Through the process of repentance, forgiveness, grace by faith, and salvation…the cross and the resurrection of Jesus Christ lifts our spirits to the top of the vertical graph-line spectrum of goodness and light…redeemed through Jesus and thus perfect in the Father’s sight because Jesus is the acceptable Passover Lamb of God.
But we also have a life-script destiny to live-out that is defined as a walk of faith…that is crafted by God and therefore perfect in its inception…but because it plays itself out within this broken and fallen world…our performance in it is less than perfect and therefore falls somewhere below the top-most point on this spectrum line…but above and higher up from the large zone of worldly conventional normalcy and thinking.
I believe this is where the biblical narrative stories of faith land on the vertical graph-line spectrum…perfect in their divine inception but less than perfect through human performance…except for the life of Jesus Christ which was both perfect in its inception and its performance.
I know that many people sitting in Christian churches of all denominations would be afraid to get anywhere near something called an adventure of faith. Many churchgoers draw the line at some point in their adherence and participation in their Christian experience…afraid of becoming “too” religious. The mere idea of sharing our faith is seen as being squarely on the other side of this acceptable line…and is derisively called “proselytizing” in politically correct vernacular and is seen by worldly conventional thinking as an offensive invasion of people’s right to be excluded from having to hear the biblical gospel message.
The Bible tells us in 2 Timothy 1:7…”For God hath not given us the spirit of fear; but of power, and of love, and of a sound mind.”
Leaving the safety and security of the familiar in worldly conventional normalcy and thinking…and entering into the unknown of an adventure of faith following Jesus Christ…is what we are afraid of.
God never asks us to be something we are not. God does not want Christians to be hypocritical…saying one thing out of our mouths falsely that is not backed up by genuine experience, conviction, and belief.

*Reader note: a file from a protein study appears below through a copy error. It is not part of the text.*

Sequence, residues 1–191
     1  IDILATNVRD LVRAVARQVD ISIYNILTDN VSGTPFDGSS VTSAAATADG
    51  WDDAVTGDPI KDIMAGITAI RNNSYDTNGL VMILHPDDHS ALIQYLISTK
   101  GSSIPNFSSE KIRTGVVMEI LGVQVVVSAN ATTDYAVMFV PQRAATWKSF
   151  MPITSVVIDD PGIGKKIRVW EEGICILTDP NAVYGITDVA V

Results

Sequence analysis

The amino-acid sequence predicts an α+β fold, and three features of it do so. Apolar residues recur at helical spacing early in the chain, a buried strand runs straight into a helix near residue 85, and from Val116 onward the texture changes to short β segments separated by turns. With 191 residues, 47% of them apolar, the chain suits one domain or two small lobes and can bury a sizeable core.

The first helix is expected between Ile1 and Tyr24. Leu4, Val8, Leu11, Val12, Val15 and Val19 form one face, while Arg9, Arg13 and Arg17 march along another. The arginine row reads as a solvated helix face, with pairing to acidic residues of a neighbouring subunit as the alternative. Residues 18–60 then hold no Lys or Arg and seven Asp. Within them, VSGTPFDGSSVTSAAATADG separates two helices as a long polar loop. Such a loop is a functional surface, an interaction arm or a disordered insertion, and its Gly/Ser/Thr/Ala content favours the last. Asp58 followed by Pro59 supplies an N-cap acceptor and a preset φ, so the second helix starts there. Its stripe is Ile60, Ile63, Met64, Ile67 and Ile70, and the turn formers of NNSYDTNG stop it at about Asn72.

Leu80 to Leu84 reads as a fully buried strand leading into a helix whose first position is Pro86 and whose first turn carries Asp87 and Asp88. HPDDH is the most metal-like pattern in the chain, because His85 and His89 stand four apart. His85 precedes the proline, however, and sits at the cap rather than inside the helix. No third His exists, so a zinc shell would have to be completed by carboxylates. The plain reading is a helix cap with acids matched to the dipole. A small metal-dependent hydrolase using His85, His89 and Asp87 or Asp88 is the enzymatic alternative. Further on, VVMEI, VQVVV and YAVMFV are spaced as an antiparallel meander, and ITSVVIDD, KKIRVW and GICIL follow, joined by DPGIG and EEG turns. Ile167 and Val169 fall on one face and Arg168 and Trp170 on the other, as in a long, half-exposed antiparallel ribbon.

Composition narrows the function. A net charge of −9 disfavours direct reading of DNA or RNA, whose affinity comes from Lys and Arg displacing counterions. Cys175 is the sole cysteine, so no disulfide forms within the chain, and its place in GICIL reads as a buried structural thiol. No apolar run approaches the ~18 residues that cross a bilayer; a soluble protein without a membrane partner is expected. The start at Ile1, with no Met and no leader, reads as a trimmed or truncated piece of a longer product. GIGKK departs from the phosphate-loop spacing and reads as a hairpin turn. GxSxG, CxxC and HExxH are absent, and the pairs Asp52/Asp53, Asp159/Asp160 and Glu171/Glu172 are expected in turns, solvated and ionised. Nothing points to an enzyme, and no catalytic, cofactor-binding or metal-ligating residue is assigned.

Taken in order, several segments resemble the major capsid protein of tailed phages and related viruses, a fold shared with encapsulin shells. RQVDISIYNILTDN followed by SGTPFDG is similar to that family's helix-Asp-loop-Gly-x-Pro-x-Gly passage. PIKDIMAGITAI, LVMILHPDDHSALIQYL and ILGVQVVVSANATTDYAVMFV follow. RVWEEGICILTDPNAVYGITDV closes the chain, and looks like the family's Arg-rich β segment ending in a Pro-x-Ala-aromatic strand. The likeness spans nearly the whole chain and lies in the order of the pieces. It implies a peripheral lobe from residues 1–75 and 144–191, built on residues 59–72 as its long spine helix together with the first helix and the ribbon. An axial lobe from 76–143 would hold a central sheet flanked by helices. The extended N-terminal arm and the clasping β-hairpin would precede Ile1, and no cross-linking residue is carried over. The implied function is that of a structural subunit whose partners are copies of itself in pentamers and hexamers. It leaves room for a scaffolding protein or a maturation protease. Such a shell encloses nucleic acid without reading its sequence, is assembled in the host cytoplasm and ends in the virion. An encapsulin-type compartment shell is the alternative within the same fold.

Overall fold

And no one…not ourselves, and not skeptical unbelievers…should expect genuine Christians to be perfect. If God does not expect us to be perfect…then neither should we or others expect perfection. A God-composed adventure of faith life-script for us is not about being perfect. It is about establishing a relationship of mutual faith and trust.
The Bible does tell us: “Be ye holy; for I am holy” (Lev. 11:44; 1 Pet. 1:16). But we are holy through Jesus Christ…not of ourselves.
The place to start for Spirit-born Christians…to become more truly godly in a genuine way…is to start with the basics of daily prayer, reading the Bible, verbally surrendering and yielding our way to God with sincerity, and learning to listen to God in the Spirit.
God will not ask us to abandon our jobs and families and head-off to Tibet to meditate for three years. God will not call us to take our families to the deepest Amazon rainforests or the wilds of New Guinea to evangelize the native peoples there. God will not ask us to minster to the homeless, people in prisons, or to be street evangelists.
God will not call us to do any of these things…or similar challenging ministries…without first changing us from the inside-out…and giving us the internal motivation, vision, and commitment through the Holy Spirit that we wholeheartedly agree to step-into…alongside God.
Everything about our Christian lives is about coming upward on the spectrum of goodness and light. Many verses throughout the Bible speak directly or allude to this (Col 3:1-3; Eph. 2:10; Heb. 12:1-2; 1 Pet. 2:9; Rom 4:13; Jn. 8:36; Prov. 3:5-6; 1 Cor. 2:12; Jn. 3:6; Jer. 31:33; Gal. 2:20).
If we are hesitant, reluctant, and fearful about surrendering and yielding our lives to God…about the calling He might enlist us into…the point of the biblical narrative stories of faith is that God provides all of the energy and capacity…even to changing us internally with improved character. See the lives of Peter and Paul…for two different but brilliant examples of this.